The Compact for America proposal is still active in this year’s sessions in seven states. Mr. Moore can be reached at Steve.Moore@CompactforAmerica.
Ohio Senate President Leads Call to Presidential Candidates –
According to a March 10 Sidney (Ohio) Daily News item, Ohio Senate President Keith Faber is spearheading a nationwide effort by state lawmakers and legislative leaders to secure commitments from presidential candidates Donald Trump, Gov. John Kasich, Sen. Ted Cruz, Secretary Hillary Clinton and Sen. Bernie Sanders to restore the balance of power between the states and federal government.
Faber is leading the call from 65 state lawmakers to win support from the presidential candidates for five proposals including restoration of the balance between the States and federal government, and support for the passage of a balanced budget amendment to the US Constitution.
Faber said, “The Founding Fathers did not write the Constitution with the intentions of making state governments junior partners. This is why we are seeking all presidential candidates to affirm their belief in the balance of power.”
“Our country was built on the idea of federalism, and sadly states have been severely stripped of their autonomy. It is imperative that our next president restore power and flexibility to the states so they can implement innovative reforms that best serve and protect their citizens,” said Sen. Leah Vukmir, Assistant Majority Leader of the Wisconsin State Senate.
Democratic Congressmen Seek Balanced Budget Amendment –
According to the March 8 edition of the Washington Examiner, a group of conservative US House Democrats is proposing to amend the Constitution with language that in most years would prevent Congress from spending more money than it collected in the previous year.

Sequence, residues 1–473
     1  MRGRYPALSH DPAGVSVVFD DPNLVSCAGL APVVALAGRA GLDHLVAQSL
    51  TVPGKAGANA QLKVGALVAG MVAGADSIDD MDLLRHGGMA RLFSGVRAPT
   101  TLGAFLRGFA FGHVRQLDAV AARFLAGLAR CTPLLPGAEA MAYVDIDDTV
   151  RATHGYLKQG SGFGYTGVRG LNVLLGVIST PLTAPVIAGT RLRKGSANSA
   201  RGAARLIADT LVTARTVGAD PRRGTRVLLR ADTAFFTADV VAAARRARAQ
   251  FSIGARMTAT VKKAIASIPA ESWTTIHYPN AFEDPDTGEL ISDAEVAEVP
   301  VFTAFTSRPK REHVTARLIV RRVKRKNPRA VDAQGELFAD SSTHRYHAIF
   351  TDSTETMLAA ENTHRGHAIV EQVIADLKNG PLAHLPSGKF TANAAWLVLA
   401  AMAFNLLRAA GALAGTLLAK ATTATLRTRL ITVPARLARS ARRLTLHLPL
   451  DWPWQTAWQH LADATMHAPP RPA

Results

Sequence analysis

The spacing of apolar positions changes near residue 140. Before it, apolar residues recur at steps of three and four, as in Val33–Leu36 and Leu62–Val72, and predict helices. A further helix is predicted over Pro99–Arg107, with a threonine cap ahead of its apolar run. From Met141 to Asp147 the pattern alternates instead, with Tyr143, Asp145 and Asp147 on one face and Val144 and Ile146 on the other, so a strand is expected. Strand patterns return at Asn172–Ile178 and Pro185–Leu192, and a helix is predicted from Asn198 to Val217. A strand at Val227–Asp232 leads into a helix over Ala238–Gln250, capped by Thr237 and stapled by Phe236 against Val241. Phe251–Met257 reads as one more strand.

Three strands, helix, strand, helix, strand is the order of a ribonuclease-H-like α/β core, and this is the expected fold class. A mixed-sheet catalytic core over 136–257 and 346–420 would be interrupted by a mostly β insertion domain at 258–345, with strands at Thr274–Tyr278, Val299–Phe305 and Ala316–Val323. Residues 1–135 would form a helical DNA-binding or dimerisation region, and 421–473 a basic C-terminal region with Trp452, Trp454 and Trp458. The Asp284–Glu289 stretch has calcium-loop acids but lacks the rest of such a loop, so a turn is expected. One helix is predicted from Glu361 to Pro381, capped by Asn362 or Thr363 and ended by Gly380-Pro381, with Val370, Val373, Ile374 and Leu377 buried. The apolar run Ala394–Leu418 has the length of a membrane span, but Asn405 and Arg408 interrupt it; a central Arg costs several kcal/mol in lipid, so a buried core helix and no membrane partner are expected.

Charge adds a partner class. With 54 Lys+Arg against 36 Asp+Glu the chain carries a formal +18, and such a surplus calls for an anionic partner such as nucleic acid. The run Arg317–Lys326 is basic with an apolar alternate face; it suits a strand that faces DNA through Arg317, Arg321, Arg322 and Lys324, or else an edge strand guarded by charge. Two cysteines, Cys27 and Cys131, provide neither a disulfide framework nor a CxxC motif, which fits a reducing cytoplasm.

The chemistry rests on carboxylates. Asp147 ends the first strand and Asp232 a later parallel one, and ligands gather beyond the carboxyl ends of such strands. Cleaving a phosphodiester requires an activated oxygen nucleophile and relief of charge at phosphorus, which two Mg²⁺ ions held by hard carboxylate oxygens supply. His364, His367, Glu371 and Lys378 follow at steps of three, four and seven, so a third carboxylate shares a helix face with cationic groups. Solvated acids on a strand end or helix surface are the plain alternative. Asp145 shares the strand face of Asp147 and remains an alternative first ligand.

The balanced budget resolution, HJ RES. 83, initiated by Rep. Brad Ashford, D-Neb., is supported by five other House Democrats, and is reported to be endorsed by the conservative Blue Dog Coalition. Ashford said it is an attempt to eliminate the hundreds of billions of dollars in budget deficits that the government runs each year.
Congressman Ashford says, “In Nebraska, we do not spend money we do not have,” “Washington should work the same way.” He added, “This proposal will change the way we make decisions and will force Congress to prioritize spending. This amendment will address our alarming level of national debt while requiring Congress to make bipartisan compromises. We must move the national dialogue toward greater fiscal responsibility.”
The resolution provides that total spending in any year can’t exceed total federal revenues from the prior year, unless three-fifths of both the House and Senate agree otherwise. In most years, that hurdle would prevent additional spending beyond the prior year’s revenue level.
The detailed proposal does make exceptions, however, for times of war and when economy fails to grow. See the Washington Examiner piece and a copy of the proposed Constitutional amendment HERE.
Republican Congressman Calls for a Delayed-Action BBA –
Freshman Republican Georgia Congressman Barry Loudermilk has introduced what he says “could be the bill of the century”. It is one more Congressional proposal for a balanced budget amendment to the Constitution. It joins the one reported above and numerous BBA bills submitted this year (and previous years) that never seem to go anywhere.
Loudermilk says his proposal is different because it would not take effect until 10 years after ratification. Reporting on Loudermilk’s latest proposal, the Heritage Foundation’s Daily Signal noted that such efforts have “always failed. Such an amendment has never been enacted at the federal level.” Read the entire report HERE.
Another edition of the Daily Signal featured a guest commentary by Utah Senator Mike Lee headlined “Preventing America’s Looming Fiscal Crisis with a Balanced Budget Amendment”. In that piece Senator Lee says “The problem isn’t simply that Congress spends more money than it brings in through taxes and other sources of revenue. The problem is that Congress has consistently proven itself to be incapable of exercising fiscal discipline and (is) irresistibly attracted to perpetual deficit spending.”